Many women would disagree. They see the anti-abortion lobby as a fundamental threat to their right to control their own bodies.
Therein lies the problem. Scott may see himself as pro-choice, but many — including Minter — would disagree with his definition.
"If you're not willing to protect all women and their rights to choose," she said in Tuesday's interview, "you do have a questionable record on choice."
To be sure, it is almost inconceivable that a Scott administration would preside over the curtailment of abortion rights in Vermont. For one thing, the legislature's Democratic majority would never allow it. For another, Scott himself has pledged that he would not pursue any such restrictions as governor.
"It's not something that's on my agenda whatsoever," he said Monday.
But Scott would not go so far as to say that he would veto legislation that would limit late-term abortions or require parental notification.
"I think the likelihood of that happening is very, very slim," he said. "But, to be honest, if it made it to my desk and it had the support of [the Democratic legislature] I could see where I could sign it."
That puts Scott right where the Democrats want him: on the defensive, splitting hairs and leaving just enough room for his opponents to sow fear in the hearts of pro-choice voters.
In a race as close as this one, that might be enough to make the difference.
But perhaps the more significant and lasting question is this: If Planned Parenthood will go to war on the Democratic Party's dime with a candidate willing to meet the organization halfway, why would any Republican bother working with it? And how is that protecting a woman's right to choose?
Ashe in the Plan
As Vermont's gubernatorial contest nears its noisy conclusion, two quieter races are playing out over who will lead the legislature next year — and serve as the new governor's most powerful allies or adversaries.
While the Vermont House and Senate won't formally replace retiring House Speaker Shap Smith (D-Morristown) or Senate President Pro Tempore John Campbell (D-Windsor) until the legislature reconvenes in January, Democrats in both chambers are likely to settle on successors sooner. Senate Dems may do so within two weeks, at a Montpelier caucus tentatively scheduled for November 14. And a clear front-runner has already emerged.
Since the legislature adjourned last May, three potential pro tem candidates have taken their names out of consideration: Sens. Phil Baruth (D-Chittenden), Chris Bray (D-Addison) and Ann Cummings (D-Washington). That leaves just two declared candidates: Sens. Tim Ashe (D/P-Chittenden) and Claire Ayer (D-Addison).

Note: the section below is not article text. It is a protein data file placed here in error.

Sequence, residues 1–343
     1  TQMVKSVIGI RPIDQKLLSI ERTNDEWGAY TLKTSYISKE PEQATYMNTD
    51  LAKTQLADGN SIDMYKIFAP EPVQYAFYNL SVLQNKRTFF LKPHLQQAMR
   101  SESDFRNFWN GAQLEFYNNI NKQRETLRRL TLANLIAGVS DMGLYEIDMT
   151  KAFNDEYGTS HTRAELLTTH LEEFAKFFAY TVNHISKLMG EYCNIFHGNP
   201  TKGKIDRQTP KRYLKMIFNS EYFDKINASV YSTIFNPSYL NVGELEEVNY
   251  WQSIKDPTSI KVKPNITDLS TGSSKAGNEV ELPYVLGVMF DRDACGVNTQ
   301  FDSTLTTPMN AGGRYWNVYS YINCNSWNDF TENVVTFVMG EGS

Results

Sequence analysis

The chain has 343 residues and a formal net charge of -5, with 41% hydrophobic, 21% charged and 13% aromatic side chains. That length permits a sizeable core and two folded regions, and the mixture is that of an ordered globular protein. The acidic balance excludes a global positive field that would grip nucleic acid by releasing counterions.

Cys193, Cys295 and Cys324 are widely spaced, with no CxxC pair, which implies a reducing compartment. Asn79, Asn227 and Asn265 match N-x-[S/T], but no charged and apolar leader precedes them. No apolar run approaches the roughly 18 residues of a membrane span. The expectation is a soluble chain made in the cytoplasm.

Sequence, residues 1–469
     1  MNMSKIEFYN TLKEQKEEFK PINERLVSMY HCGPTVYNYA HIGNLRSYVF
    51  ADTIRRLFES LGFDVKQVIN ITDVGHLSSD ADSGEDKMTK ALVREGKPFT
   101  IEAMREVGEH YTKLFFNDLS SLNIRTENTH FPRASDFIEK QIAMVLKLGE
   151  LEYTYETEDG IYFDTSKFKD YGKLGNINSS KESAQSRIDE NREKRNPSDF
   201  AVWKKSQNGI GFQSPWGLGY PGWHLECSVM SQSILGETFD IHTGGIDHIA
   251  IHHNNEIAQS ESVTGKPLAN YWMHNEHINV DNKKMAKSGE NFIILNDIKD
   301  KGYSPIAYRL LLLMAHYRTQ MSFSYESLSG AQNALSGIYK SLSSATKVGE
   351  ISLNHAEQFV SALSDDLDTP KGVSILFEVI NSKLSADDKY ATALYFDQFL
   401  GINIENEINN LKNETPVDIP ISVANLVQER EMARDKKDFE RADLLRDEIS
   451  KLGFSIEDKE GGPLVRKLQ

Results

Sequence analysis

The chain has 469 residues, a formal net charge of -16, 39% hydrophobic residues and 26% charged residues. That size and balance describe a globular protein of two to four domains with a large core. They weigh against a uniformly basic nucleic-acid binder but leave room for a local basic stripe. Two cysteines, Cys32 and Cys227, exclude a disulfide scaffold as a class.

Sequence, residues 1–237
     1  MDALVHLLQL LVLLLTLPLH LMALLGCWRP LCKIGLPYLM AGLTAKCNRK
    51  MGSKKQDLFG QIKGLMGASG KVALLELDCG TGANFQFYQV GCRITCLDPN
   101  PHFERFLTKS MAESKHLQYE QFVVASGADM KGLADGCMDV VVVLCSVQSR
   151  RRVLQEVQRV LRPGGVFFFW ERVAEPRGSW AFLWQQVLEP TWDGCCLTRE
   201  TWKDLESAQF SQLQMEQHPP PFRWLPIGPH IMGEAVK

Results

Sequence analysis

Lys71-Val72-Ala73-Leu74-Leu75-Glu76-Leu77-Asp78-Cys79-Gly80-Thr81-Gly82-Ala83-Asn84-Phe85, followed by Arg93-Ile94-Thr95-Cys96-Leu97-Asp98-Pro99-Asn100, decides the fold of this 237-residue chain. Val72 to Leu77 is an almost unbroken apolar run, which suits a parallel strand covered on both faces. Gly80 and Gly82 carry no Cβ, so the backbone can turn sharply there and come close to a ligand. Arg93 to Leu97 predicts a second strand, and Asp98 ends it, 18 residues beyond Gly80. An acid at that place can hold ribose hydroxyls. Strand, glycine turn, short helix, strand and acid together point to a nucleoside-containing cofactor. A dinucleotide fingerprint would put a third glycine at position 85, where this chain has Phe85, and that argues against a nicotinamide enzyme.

Both have been driving around the state in recent weeks, meeting with colleagues in their home districts and trying to lock up votes.
"I think I've got a good chance to become the next pro tem," said Ayer, a retired nurse from Addison who has served 14 years in the Senate and currently chairs its Health and Welfare Committee. "I'm looking forward to being the first woman pro tem ever."
Ashe, who has worked as an affordable housing developer and currently teaches economics at the Community College of Vermont, was more tight-lipped, saying he was "not interested" in discussing the race before the November 8 election.
"It's presumptuous for me or any other member of the Senate to be making plans for anything until we get reelected," said Ashe, who has spent eight years in the Senate and currently chairs its Finance Committee.
Despite his reticence, Ashe appears to have the job all but locked up. In interviews with 18 of the 19 incumbent Senate Democrats and Progressives who are seeking reelection, nine said they plan to vote for Ashe: Sens. Baruth, Cummings, Jane Kitchel (D-Caledonia), Mark MacDonald (D-Orange), Dick Mazza (D-Grand Isle), Dick Sears (D-Bennington), Michael Sirotkin (D-Chittenden), Anthony Pollina (P/D-Washington) and Ashe himself. A 10th, Sen. John Rodgers (D-Essex/Orleans), said that "unless something dramatic happens" and he decided to enter the race himself, "I'll probably vote for Tim."